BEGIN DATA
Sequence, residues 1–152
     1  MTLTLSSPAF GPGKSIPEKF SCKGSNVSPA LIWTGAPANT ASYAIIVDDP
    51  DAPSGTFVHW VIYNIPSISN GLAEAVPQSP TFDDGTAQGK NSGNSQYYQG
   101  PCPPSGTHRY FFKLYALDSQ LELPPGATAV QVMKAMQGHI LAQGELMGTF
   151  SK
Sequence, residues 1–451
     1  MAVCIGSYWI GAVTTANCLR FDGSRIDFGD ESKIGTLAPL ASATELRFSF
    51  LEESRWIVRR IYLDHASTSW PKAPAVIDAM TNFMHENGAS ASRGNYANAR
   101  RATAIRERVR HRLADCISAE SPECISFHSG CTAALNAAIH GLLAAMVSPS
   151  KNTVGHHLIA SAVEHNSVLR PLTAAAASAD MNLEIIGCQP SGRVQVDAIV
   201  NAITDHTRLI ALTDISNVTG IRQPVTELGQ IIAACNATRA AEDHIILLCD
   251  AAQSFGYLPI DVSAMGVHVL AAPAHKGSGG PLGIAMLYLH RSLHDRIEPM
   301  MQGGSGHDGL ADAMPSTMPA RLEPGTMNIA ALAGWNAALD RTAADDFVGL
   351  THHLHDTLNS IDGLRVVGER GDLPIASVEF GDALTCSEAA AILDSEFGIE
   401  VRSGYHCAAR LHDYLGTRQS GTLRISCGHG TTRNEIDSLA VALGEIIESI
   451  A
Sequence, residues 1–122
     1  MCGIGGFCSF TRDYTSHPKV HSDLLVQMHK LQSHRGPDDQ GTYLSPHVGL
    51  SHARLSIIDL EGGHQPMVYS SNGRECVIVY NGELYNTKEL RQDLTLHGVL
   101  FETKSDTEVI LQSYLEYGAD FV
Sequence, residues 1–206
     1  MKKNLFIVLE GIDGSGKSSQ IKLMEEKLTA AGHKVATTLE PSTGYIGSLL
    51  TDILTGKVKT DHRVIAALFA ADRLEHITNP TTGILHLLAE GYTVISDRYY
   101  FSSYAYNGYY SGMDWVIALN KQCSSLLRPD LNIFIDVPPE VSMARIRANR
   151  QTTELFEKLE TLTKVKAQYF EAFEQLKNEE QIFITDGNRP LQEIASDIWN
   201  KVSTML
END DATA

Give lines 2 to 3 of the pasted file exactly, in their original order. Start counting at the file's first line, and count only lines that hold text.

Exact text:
     1  MTLTLSSPAF GPGKSIPEKF SCKGSNVSPA LIWTGAPANT ASYAIIVDDP
    51  DAPSGTFVHW VIYNIPSISN GLAEAVPQSP TFDDGTAQGK NSGNSQYYQG